WeWork Invents a New Valuation Methodology

Yes, we’re obsessed. And how can you not be with #longform pieces like this on the company. Choice bit,

“‘Adam’s explanation for the valuation of WeWork speaks for itself,’ said Chris Kelly, co-founder and president of Convene, a company that offers flexible event spaces and is backed by major real estate firms. ‘This is not an Excel spreadsheet calculation. He believes there’s an energy behind the brand, and he’s gotten people to invest at that valuation. He has not tried to explain it in traditional financial terms.’

Indeed, to assess WeWork by conventional metrics is to miss the point, according to Mr. Neumann. WeWork isn’t really a real estate company. It’s a state of consciousness, he argues, a generation of interconnected emotionally intelligent entrepreneurs. And Mr. Neumann, with his combination of inspiration of chutzpah, wants to transform not just the way we work and live, but the very world we live in.”

A state of consciousness. A state of effing consciousness. Being a biglaw associate is also a state of consciousness but that doesn’t necessarily mind-port you to partner after 8 years, let alone 12.

Wait, more pixie dust - this time from The Atlantic:

“Whether that’s a $20 billion business, however, is a matter of contention. Companies specializing in shared office space have come before. As The Wall Street Journal noted this fall, the office-leasing company IWG manages five times the square footage but has about one-eight the market value. Even Adam Neumann, a co-founder of WeWork and its CEO, admits that his company is overvalued, if you’re looking merely at desks leased or rents collected. ‘No one is investing in a co-working company worth $20 billion. That doesn’t exist.’ he told Forbes in 2017. ‘Our valuation and size today are much more based on our energy and spirituality than it is on a multiple of revenue.'“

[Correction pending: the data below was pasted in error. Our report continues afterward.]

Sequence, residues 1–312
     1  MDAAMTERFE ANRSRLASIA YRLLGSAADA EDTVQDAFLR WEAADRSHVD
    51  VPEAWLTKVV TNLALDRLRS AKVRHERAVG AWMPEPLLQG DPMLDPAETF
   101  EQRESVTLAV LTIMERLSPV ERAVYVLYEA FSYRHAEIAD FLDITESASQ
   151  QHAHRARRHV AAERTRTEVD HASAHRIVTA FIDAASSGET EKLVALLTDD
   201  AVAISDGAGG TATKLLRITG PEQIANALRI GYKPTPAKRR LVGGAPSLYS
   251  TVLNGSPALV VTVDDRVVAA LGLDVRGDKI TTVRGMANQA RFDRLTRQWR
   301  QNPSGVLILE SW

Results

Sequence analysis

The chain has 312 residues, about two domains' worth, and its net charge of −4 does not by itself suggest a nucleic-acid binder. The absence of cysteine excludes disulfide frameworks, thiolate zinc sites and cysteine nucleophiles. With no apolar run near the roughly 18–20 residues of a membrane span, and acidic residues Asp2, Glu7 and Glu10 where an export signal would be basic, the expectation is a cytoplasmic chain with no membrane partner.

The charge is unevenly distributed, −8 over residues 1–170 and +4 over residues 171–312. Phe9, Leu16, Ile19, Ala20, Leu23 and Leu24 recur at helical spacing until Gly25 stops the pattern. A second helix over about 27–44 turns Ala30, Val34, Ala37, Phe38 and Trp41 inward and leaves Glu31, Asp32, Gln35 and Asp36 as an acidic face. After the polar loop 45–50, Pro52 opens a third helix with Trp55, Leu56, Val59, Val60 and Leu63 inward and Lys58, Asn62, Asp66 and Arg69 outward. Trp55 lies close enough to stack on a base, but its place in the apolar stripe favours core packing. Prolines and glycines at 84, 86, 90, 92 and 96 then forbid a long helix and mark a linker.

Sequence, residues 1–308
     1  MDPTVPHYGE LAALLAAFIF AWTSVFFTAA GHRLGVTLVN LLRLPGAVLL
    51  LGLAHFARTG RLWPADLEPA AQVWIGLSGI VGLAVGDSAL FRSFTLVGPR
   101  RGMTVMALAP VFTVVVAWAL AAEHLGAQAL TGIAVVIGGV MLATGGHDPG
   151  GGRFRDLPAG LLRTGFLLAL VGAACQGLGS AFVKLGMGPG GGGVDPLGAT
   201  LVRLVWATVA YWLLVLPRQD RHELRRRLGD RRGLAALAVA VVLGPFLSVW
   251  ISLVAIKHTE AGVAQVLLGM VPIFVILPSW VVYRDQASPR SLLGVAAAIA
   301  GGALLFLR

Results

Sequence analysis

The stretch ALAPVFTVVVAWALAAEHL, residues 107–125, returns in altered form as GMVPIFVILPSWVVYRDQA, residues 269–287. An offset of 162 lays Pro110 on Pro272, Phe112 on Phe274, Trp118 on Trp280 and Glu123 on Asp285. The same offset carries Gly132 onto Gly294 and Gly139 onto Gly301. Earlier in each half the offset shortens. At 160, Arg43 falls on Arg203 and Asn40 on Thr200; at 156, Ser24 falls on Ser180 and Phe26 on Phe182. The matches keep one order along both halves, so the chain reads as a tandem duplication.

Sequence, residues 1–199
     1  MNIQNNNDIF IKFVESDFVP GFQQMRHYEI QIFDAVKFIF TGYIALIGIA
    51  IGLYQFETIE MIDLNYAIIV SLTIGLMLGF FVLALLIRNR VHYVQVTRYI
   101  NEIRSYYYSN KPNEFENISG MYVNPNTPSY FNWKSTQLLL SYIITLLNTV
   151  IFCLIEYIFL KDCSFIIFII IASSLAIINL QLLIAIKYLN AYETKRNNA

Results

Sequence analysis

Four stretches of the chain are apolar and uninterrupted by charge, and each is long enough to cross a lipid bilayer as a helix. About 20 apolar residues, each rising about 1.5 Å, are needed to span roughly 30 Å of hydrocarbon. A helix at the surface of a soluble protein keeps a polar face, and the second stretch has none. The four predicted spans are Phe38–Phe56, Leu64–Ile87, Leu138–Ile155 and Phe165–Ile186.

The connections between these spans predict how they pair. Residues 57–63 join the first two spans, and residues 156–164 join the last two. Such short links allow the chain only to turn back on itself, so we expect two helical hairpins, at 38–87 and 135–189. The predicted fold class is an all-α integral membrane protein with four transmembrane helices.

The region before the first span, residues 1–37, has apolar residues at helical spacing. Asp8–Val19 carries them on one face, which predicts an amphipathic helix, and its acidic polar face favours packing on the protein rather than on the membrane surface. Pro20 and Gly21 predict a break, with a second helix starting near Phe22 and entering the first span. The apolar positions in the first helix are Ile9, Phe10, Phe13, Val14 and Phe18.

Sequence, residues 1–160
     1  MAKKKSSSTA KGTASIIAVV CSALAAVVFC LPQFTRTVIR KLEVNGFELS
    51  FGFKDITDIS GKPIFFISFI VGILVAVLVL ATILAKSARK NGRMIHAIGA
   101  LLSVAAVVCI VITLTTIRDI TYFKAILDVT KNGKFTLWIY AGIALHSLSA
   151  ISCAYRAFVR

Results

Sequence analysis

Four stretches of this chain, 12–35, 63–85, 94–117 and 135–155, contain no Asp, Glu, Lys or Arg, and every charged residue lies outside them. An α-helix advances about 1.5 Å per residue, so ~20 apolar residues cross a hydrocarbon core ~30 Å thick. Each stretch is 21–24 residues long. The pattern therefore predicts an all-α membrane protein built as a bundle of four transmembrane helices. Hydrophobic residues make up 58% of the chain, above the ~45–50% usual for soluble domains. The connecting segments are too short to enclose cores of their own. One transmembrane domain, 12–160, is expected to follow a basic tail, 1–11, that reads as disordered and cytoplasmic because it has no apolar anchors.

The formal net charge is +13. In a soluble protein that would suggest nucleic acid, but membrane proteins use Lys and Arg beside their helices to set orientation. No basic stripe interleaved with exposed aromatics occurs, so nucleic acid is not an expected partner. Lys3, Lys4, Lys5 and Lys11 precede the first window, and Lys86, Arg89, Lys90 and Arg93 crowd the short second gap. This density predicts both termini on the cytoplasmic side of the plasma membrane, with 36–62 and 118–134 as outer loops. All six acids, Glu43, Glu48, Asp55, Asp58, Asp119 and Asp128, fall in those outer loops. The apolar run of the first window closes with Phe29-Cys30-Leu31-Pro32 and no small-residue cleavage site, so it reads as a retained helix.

We’re sure bankers all across the world will be happy to add “energy and spirituality analysis” to the lineup of valuation methodologies like precedent transaction, comparable company and discounted cash flow analyses. What the bloody hell.

But, wait, back to the New York Times:

“If more strangers are colliding by the grapefruit water, the thinking goes, they are more likely to meet up and invest in one another’s socially responsible start-ups, and then the world will be a better place.”

Hahaha. What?!?! We were in New York last week and collided with a lot of strangers on the subway and, suffice it to say, no deals were cut and, as some dude danced on a pole, nearly kicked Nancy in the face, and a dodging Jonny spilled over into the lap of a homeless dude, the world seemed like a pretty sh*tty place. But maybe that’s because the subway car we were in didn’t have retail, free IPAs, or J.Crew threads.* Now that we mention it, maybe it should. Like the Amtrak cafe car. Brilliant.

Anyway, finally, this is obviously not investment advice (clearly, of a private company), but this:

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* As for J.Crew, the WeWork partnership may actually be a great move towards injecting some life into the sleepy brand.